Pro Comp: Lite Dak Prescott

Photo: Derick Hingle/AP Photo

6. Bo Nix - Oregon

What They Do Well

What Could Limit Them

Takes easy throws when they're available, but isn't afraid to attack tight windows

Benefitted from great weapons and a good OL, faced minimal pressure

Manipulates defenses with his eyes and seamlessly works through his progression

Ball got away from him at times, espescially later in games, used his mechanics less

Keeps his eyes downfield when pressured, tows the line between throwing or running

Got himself pressured from dropping too deep or scrambling when he didn't need to

Lot of starting experience, played in multiple different offenses as well

Will be 24 his rookie season, will need to play right away

Bo exceeded my expectations. He does a great job taking what's open and pushing the envelope when he needs to. He also has solid athleticism and uses that to extend plays. He did play in an offense that catered to his skillset, and he will be asked to do a lot more as a potential NFL starter. If he lands in the right system, he can definitely make something out of his career.


Pro Comp: Jared Goff and Trevor Lawrence love child, but nerfed

5. Michael Penix Jr - Washington

What They Do Well

What Could Limit Them

Arm talent is off the charts, has great zip on tight windows, can air it out when needed

Would let throws get away from him, relies too much on arm talent

Quick processor, gets through his reads on time and pulls trigger once he sees an open man

Will scramble even with no pressure, abandons clean pockets often

Moves well inside and outside the pocket, makes rushers miss with ease

If he couldn't escape pressure, he would force throws that led to turnovers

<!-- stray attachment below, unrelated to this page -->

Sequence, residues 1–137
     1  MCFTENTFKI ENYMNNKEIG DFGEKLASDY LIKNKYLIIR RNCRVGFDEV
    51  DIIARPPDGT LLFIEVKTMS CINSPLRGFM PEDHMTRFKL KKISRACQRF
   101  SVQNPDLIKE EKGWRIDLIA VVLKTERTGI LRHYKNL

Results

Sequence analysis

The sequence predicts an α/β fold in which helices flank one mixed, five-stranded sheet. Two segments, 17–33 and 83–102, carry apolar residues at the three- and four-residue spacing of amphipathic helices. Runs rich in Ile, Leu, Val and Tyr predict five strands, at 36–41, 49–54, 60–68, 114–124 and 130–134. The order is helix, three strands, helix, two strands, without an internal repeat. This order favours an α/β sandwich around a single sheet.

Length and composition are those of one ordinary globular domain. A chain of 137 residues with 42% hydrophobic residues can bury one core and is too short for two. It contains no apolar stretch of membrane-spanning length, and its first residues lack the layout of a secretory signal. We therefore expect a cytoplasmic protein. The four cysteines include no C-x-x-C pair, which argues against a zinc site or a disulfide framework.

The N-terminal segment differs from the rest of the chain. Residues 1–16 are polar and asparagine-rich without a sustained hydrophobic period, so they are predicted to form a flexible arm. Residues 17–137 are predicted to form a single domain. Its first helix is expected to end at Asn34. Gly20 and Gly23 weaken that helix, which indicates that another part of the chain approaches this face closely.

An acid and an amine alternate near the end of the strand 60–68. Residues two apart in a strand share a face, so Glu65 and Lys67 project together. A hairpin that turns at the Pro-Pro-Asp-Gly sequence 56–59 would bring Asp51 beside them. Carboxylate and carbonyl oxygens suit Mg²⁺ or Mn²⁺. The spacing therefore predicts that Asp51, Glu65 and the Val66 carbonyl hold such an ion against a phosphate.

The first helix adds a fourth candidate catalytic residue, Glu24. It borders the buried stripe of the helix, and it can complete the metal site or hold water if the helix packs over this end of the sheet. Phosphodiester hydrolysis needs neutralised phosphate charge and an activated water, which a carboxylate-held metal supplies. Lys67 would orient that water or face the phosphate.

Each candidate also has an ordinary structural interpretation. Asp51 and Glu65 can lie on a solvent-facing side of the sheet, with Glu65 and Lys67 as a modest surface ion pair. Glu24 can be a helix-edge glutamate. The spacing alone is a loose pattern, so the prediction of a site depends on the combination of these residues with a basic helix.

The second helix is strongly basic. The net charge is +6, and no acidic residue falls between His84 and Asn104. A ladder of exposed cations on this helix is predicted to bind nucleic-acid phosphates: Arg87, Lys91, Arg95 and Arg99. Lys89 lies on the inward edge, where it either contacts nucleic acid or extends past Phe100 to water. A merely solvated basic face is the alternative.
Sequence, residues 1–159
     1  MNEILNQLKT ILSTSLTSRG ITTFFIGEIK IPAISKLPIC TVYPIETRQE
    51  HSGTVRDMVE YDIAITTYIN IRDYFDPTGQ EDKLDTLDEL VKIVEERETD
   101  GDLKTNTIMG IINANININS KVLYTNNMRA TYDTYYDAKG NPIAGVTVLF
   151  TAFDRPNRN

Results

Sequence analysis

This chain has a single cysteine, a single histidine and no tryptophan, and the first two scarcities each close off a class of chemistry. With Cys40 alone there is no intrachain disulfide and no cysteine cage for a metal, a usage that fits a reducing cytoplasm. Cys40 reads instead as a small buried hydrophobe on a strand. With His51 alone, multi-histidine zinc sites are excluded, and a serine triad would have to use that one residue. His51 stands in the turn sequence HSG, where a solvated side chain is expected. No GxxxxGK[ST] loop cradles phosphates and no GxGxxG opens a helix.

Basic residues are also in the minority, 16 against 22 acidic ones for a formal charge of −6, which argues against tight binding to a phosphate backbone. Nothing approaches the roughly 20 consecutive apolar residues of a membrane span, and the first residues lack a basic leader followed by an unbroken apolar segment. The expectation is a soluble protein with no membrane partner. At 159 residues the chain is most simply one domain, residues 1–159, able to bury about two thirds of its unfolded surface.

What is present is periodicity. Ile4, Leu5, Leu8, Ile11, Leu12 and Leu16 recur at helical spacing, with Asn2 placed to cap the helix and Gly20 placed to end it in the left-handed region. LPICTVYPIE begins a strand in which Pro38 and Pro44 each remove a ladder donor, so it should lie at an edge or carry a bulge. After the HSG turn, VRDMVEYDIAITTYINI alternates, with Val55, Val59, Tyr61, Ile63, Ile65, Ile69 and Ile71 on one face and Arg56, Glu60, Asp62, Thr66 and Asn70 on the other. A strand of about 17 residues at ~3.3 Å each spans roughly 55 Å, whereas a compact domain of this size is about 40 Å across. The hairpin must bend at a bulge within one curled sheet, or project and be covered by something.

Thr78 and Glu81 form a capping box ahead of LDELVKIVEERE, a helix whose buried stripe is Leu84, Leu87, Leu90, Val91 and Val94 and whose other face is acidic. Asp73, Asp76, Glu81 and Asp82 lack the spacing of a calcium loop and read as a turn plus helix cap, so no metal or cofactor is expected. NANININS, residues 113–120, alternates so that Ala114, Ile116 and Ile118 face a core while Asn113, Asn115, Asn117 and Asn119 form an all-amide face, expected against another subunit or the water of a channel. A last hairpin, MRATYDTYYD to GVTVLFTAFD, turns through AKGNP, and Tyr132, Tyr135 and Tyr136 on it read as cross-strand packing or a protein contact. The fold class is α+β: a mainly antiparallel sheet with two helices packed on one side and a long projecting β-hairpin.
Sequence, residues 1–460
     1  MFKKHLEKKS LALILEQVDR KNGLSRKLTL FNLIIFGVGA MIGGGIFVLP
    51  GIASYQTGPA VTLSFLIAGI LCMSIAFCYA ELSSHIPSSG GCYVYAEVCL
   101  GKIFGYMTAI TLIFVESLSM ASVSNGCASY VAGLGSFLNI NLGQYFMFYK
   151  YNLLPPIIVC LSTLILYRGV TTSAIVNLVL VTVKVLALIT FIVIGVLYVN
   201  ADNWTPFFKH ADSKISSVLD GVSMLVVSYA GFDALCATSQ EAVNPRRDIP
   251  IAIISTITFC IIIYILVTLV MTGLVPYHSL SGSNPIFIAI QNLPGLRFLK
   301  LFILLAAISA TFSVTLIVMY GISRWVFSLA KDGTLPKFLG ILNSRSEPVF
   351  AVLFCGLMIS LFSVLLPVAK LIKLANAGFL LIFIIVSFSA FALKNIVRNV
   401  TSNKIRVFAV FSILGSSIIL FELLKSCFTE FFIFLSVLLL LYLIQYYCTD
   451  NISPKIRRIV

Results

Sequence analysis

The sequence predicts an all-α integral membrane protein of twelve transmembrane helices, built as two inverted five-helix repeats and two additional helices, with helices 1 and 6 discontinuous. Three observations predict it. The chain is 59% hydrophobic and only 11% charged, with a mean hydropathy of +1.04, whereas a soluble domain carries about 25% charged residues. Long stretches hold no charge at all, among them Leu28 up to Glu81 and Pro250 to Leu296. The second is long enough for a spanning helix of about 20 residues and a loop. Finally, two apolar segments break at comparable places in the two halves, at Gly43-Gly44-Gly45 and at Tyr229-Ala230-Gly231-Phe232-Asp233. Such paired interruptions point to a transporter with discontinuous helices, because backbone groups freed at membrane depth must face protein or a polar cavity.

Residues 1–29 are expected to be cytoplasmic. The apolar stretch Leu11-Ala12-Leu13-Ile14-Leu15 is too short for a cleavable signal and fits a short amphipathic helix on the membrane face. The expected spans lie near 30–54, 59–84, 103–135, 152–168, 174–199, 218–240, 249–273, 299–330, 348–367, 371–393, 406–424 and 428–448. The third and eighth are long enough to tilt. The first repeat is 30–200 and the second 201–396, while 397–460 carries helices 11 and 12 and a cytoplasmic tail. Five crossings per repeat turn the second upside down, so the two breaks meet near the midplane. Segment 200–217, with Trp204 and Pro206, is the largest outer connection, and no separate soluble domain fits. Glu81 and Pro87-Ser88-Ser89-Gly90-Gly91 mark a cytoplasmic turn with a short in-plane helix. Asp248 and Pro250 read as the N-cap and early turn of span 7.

Thrives against two high safety looks, has a great mix of ball placement and velocity

Will be 24 his rookie year and has torn his ACLs twice in the past

Michael has a significant history with injuries, and is up there in age, which could deter teams from taking him earlier than expected. Other than that, he's a legit gunslinger who reads defenses well and can maneuver the pocket effectively. It'll help that he played in a relatively pro-style offense and had great weapons to target. He should be a starter for a considerable time.


Pro Comp: Deshaun Watson

4. Jayden Daniels - LSU

What They Do Well

What Could Limit Them

Great scrambler for college, found gaps in pass rush and took advantage

Lacks touch for a QB getting the hype he is, lacked the ability to layer throws

Stands tall in the pocket to get throws off under pressure

Once he pulls his eyes down, he's running, rarely looked back up to throw

Despite his athleticism, he commands the pocket and wants to throw the ball from there

Had a good chunk of bad misses on open passes, timing seemed off a lot

Although he lacks all around arm talent, he rips passes with good spirals

Took unnecessary hits and plays with minimal awareness when running

Daniels is a "fun college quarterback" with a decent arm and incredible athleticism. He is able to exploit rushing lanes and break off huge gains, while also having a good enough passing prowess to keep defenses honest; but that's about where his pros stop. I felt underwhelmed by his tape outside of the big plays, even more so considering he won the Heisman this year. Pair that with being surrounded by two top-notch receivers in this class and one of the best offensive lines in college football, there are more red flags than I would like for someone to be drafted in the top 10, let alone the top 3. To boot, he didn't put together a great season until his 5th year playing college ball.

I said I would keep write-ups positive and not dive into the negatives too much, but there are too many here to ignore. If Jayden does go 2nd overall, it will likely continue a trend of QBs not panning out that were selected at that spot - minus one or two outliers. Despite this, he has the athletic upside and processing ability that gives him a tremendous ceiling, thus still landing him inside my top 5 QBs for this class.

Pro Comp: Justin Fields

Photo: Scott Clause/USA TODAY Sports

3. JJ McCarthy - Michigan

What They Do Well

What Could Limit Them

Great processor in and out of the pocket, doesn't make many errant throws

Throwing mechanics get wonky on deeper passes, puts everything into his arm

Has nice feel on his passes, can touch the ball over LBs and rifle passes into traffic

Has some slight inaccuracies here and there, mainly due to inexperience